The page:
Charlene Bybee, a life-long Sparks resident, is anxious for the day she is able to officially throw her name in the mix and begin hammering her campaign signs into the ground. Bybee said Thursday she chose to run for the local non-partisan seat because it offered the best chance to make a difference in the community.
“There are so many things happening that are affecting us from the national and the state levels,” Bybee said inside the Tribune offices Thursday. “I got tired of yelling at the television and decided I could either ignore everything going on or I could get involved and see if I could make a difference. I really thought that since I have not done this before that starting on the city level is the place I could most make a difference.”
Bybee, a graduate of the University of Nevada, Reno, has worked as a flight attendant for American Airlines for 37 years and she has spent her years in Sparks heavily involved in education, women’s issues and citizen committees involved with the city. Bybee was also a volunteer citizen lobbyist during the 2011 and 2013 Nevada Legislative sessions, advocating for education and fiscal responsibility.
“I think the experience of volunteering throughout the community and seeing different aspects, from education to the (City of Sparks) charter committee, gives you more broad-based knowledge and more interest in where you are living and what happens to it,” Bybee said, adding that she brings high levels of communication to the position. “I was also able to work with a lot of different people. I do that in my job now, too, and I think I bring the ability to work with people to my candidacy.
“I get along really well with people and with the community. I have met a lot of people and I have worked with a lot of people. I can also handle when people are not so nice or have issues and work toward a resolution. At my work as a flight attendant, when something goes wrong, I am trapped at 30,000 feet and there is nowhere to go and you can’t run away from your problems.”
Bybee said communication with Sparks citizens and their local government will be a priority if she is elected. She said that particular communication already has a head start because of the city’s expansive website and newly developed smartphone applications.
“I think keeping open lines of communication with the citizens, among the council members and the council working with the state legislature are all important factors,” she said. “Too often communication can be an issue that causes a lot more problems than need to happen.
“I really focus everything I do on information. I don’t like to make decisions emotionally. I try to keep the emotions out of it and get as much information as I can and then I can disagree with other people while respecting their opinion or view. I think that is important. People don’t do that enough anymore.”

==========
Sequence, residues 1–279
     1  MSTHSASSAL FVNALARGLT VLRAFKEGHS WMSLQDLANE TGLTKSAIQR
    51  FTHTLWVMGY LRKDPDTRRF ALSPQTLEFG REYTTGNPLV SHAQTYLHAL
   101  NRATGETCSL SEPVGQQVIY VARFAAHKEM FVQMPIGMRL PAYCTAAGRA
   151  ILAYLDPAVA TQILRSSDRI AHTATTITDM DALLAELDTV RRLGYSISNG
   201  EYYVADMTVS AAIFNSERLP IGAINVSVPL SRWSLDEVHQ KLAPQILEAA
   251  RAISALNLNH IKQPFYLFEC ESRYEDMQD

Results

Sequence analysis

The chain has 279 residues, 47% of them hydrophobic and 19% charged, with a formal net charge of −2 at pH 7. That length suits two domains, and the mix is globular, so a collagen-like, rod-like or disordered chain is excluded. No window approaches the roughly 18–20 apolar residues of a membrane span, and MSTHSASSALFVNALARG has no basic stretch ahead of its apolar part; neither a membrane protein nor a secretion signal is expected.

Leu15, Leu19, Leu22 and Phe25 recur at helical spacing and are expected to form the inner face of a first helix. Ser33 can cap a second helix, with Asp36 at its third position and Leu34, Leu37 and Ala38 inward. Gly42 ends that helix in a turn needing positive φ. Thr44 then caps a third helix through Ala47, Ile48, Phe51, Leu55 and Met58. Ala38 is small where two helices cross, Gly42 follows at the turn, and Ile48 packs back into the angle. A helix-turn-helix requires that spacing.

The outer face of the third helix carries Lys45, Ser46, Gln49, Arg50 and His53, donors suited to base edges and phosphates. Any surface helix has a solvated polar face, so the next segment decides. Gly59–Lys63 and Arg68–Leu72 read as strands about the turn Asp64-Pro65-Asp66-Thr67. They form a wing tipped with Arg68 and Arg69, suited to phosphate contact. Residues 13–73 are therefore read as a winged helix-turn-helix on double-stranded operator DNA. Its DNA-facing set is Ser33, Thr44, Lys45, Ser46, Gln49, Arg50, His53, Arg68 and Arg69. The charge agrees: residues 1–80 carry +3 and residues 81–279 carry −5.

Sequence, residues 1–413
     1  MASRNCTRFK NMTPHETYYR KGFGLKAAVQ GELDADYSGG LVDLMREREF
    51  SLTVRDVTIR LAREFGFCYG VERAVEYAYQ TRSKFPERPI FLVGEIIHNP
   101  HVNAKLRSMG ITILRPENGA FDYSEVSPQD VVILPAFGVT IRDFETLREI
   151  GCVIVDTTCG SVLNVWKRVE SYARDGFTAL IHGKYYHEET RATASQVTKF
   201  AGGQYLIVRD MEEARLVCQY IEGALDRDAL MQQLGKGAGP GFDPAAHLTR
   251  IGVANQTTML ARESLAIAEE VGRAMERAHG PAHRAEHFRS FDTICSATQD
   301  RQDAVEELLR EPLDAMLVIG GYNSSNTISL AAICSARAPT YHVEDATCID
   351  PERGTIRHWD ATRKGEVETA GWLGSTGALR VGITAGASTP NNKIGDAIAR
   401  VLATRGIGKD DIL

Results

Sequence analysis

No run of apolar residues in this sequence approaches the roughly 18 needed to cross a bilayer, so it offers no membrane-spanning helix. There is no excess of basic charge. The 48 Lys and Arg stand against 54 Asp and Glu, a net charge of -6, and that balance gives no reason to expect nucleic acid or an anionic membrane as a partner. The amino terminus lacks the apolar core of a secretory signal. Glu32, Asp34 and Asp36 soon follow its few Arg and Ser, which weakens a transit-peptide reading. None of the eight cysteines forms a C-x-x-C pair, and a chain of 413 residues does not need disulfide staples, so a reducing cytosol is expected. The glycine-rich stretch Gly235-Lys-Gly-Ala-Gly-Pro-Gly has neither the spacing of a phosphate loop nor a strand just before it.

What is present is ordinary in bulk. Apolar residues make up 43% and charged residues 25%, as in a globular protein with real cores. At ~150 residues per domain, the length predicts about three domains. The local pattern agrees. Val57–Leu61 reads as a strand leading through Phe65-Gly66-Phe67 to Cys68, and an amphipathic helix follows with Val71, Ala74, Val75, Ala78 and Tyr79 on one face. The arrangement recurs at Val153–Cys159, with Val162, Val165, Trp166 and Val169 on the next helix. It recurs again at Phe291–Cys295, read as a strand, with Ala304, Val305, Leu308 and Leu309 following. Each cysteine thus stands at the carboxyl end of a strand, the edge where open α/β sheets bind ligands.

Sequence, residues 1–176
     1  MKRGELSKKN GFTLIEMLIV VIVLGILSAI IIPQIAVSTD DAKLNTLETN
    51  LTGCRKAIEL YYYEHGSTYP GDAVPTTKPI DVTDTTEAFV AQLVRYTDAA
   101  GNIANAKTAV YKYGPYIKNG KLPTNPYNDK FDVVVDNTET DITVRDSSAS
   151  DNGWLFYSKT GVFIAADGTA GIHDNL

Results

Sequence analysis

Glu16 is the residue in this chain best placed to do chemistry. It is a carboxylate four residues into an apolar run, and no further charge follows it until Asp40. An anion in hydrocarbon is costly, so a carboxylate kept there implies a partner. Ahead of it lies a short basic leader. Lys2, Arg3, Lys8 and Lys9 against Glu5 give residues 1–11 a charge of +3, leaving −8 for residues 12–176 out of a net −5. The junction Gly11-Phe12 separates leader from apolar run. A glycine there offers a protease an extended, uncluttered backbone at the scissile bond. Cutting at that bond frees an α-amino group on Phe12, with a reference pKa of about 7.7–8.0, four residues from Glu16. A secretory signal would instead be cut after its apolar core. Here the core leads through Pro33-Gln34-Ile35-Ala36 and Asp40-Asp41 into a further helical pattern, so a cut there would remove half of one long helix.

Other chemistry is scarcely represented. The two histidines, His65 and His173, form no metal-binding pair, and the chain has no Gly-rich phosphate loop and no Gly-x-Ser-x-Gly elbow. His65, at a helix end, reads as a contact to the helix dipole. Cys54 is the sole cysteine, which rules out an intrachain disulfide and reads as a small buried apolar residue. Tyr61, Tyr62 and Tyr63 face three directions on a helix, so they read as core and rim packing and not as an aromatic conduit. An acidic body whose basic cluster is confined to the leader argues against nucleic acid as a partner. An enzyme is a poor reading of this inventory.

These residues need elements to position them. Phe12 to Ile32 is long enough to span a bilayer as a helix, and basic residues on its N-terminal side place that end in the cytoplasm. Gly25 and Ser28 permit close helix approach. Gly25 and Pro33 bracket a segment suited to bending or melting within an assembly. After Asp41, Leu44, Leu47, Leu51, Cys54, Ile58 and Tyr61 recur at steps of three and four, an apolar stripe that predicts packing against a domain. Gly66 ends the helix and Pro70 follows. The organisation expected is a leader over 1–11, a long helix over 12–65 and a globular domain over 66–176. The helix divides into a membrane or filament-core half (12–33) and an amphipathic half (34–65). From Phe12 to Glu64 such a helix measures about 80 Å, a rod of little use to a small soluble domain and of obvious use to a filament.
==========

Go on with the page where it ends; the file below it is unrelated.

Bybee also touts a “fresh perspective” for local government, having not been in the political arena previously. She said she can effectively represent the citizens of Sparks because she is the “average taxpayer.”
“Another reason I decided to run is because I think in government, on all levels, we don’t have enough average people –– the average, everyday taxpayer and resident, Bybee said. “Our constituents are people who are working here, paying their taxes and are not involved in politics. Bringing an average citizen to the table I think I bring a perspective from the outside.
“A lot of times you need different people’s perspectives to come to better decisions and see things differently. I think coming from outside the government I reflect more with the average citizen.”
Bybee said she has consulted outgoing Councilman Carrigan and the other City Council members, seeking insight from their experience with the City of Sparks. She said the council members were able to break down the time commitment, current issues being examined and give her a sense of what the Ward 4 seat will bring her.
“I am definitely excited about the coming months and getting out to meet the people in my precinct, and I have already had a great start and walked through about half of my area,” Bybee said. “You’ve got to meet people. They want to see your face, not my volunteers or my family who are all out helping me. Fundraising is the part I like least. It is hard to ask people for money, especially because the economy is still not great.”
For more information on Charlene Bybee and to read her full platform, visit www.charlenebybee.com.